Which we did, to try and find some interest or glimpse of it for each. We also had a good discussion about finding forced interests and doing research for some external pressure. I agree: unless at least YOU are passionately interested by your own topic, why the hec will anybody else be? Therefore, once more: even if formal requirements demand you to make a final thesis that necessarily will involve some degree of research perspective - even if it is based on a production, artistic or otherwise - it is practically necessary that you do it within a topic you care about.

And we managed to name some interests, and find small teams within which everybody can discuss and work on their own interest/topic/research questions - or form a joint one, if they want.

Assignment for next time i.e. 1.2:

Narrow the topic by asking it questions. Name you topic, using the scheme above. Do some initial background research on the topic - history, what is being discussed, what/who is the classic in the field, what aspects have been well researched - is there something that you could be looking into etc. In case of an artistic interest: think of exemplary works and their history and context. Find at least one article dealing with the topic, and go through it. How does it affect how you see and define your topic?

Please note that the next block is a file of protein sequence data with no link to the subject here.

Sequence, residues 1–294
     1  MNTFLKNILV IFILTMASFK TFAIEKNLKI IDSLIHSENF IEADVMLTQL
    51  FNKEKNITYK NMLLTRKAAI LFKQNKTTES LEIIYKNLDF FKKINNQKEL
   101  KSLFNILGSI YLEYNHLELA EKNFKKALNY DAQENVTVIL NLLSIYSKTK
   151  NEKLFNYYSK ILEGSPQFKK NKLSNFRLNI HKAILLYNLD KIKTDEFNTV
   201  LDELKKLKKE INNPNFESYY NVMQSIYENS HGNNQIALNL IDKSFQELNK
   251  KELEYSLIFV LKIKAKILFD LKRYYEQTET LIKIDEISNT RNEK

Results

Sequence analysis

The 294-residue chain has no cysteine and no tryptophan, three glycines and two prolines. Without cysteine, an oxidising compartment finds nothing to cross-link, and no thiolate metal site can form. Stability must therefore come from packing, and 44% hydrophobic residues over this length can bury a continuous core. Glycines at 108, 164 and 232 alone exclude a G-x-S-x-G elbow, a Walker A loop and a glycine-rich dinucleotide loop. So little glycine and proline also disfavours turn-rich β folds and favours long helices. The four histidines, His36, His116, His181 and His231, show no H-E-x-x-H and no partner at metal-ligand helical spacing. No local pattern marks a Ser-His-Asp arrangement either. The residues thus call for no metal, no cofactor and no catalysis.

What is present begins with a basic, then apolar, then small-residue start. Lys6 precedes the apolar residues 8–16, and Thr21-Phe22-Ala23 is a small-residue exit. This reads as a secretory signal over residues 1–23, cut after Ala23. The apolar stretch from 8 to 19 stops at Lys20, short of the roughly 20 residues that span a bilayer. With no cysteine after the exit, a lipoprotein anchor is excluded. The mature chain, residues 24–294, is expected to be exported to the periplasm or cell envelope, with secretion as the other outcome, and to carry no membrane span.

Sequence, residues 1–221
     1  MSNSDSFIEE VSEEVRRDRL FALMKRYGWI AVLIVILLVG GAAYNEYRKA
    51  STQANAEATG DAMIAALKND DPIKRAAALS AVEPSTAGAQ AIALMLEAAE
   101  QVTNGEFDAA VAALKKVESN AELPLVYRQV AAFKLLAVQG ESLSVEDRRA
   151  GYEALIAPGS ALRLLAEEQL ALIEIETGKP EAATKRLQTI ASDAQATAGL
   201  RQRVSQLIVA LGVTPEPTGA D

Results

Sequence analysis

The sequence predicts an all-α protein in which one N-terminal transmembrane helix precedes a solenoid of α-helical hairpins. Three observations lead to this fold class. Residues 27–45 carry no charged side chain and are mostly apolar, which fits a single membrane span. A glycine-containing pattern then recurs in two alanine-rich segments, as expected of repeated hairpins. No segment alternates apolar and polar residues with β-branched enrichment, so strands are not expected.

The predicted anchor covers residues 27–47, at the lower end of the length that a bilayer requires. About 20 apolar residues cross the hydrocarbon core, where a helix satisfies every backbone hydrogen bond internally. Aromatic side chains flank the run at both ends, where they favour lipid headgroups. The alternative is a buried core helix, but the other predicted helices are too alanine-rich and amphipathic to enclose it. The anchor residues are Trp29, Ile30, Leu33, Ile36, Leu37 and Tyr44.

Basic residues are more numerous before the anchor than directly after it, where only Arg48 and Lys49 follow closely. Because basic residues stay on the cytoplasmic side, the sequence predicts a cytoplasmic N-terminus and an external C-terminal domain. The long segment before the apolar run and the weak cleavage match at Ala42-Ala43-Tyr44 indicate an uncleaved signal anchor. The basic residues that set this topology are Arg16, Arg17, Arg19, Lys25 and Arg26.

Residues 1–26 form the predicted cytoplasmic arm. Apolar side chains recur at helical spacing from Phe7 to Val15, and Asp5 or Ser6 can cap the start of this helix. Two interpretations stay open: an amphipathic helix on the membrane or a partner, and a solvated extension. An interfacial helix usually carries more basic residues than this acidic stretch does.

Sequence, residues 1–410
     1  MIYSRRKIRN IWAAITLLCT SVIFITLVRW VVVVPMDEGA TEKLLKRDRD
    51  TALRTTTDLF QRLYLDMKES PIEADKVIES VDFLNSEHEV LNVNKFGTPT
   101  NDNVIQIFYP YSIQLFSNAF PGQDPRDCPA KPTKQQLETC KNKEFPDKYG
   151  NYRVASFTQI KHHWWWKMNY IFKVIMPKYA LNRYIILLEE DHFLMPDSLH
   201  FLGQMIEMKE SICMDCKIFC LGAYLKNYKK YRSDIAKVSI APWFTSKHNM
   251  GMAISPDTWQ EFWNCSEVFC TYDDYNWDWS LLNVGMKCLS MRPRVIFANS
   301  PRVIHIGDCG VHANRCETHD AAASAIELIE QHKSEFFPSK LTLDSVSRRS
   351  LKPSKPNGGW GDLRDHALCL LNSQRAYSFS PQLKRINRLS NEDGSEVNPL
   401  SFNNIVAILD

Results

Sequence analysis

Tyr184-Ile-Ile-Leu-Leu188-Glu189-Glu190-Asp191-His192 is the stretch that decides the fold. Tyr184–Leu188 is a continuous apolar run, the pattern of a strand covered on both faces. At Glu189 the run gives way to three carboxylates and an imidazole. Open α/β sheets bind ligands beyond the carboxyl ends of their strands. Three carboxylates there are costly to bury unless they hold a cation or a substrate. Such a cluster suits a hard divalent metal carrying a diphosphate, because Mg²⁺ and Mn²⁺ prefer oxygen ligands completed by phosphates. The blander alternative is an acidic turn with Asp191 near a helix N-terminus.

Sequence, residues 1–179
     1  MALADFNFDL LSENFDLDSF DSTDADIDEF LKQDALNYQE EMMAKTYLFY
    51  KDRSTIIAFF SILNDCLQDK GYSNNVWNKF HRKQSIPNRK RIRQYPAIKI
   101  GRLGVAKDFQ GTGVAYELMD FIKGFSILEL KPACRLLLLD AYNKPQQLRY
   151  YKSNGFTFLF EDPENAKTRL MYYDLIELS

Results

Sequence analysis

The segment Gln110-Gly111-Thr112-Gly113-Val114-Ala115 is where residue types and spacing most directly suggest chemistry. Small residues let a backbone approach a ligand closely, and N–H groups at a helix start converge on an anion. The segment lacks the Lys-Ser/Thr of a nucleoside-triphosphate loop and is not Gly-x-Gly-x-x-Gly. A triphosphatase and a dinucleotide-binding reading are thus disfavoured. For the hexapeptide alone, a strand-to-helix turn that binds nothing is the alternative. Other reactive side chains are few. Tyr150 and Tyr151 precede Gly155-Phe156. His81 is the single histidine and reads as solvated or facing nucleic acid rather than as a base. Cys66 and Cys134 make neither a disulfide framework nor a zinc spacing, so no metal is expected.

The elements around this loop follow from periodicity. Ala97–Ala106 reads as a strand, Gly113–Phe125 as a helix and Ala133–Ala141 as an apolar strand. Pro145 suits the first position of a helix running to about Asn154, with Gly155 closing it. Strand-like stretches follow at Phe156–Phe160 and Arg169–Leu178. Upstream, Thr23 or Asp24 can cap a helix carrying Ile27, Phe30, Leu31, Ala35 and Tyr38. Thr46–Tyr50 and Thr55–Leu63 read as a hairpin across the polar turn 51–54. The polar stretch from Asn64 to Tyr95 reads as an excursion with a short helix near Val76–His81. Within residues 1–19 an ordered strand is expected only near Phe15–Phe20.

For next time please bring the "name your topic" exercise in writing, for each topic you or your team will be working on.
Make also half page of notes from the article - not necessarily a summary of the contents, but a point that gets you and makes you think.

If in doubt or feeling lost, come and ask!

Saturday, 15 January 2011

CBM Research Methods course Spring 2011: 1. meeting 11.1. "What is research"


This course is about research and research methods. My main point is to convince you that research is a craft, with all this implies; and to look at research from a pretty practical and pragmatic point.

First task: take a piece of paper and a pen, and tell me what comes to your mind - word, image - when you hear the word "research"?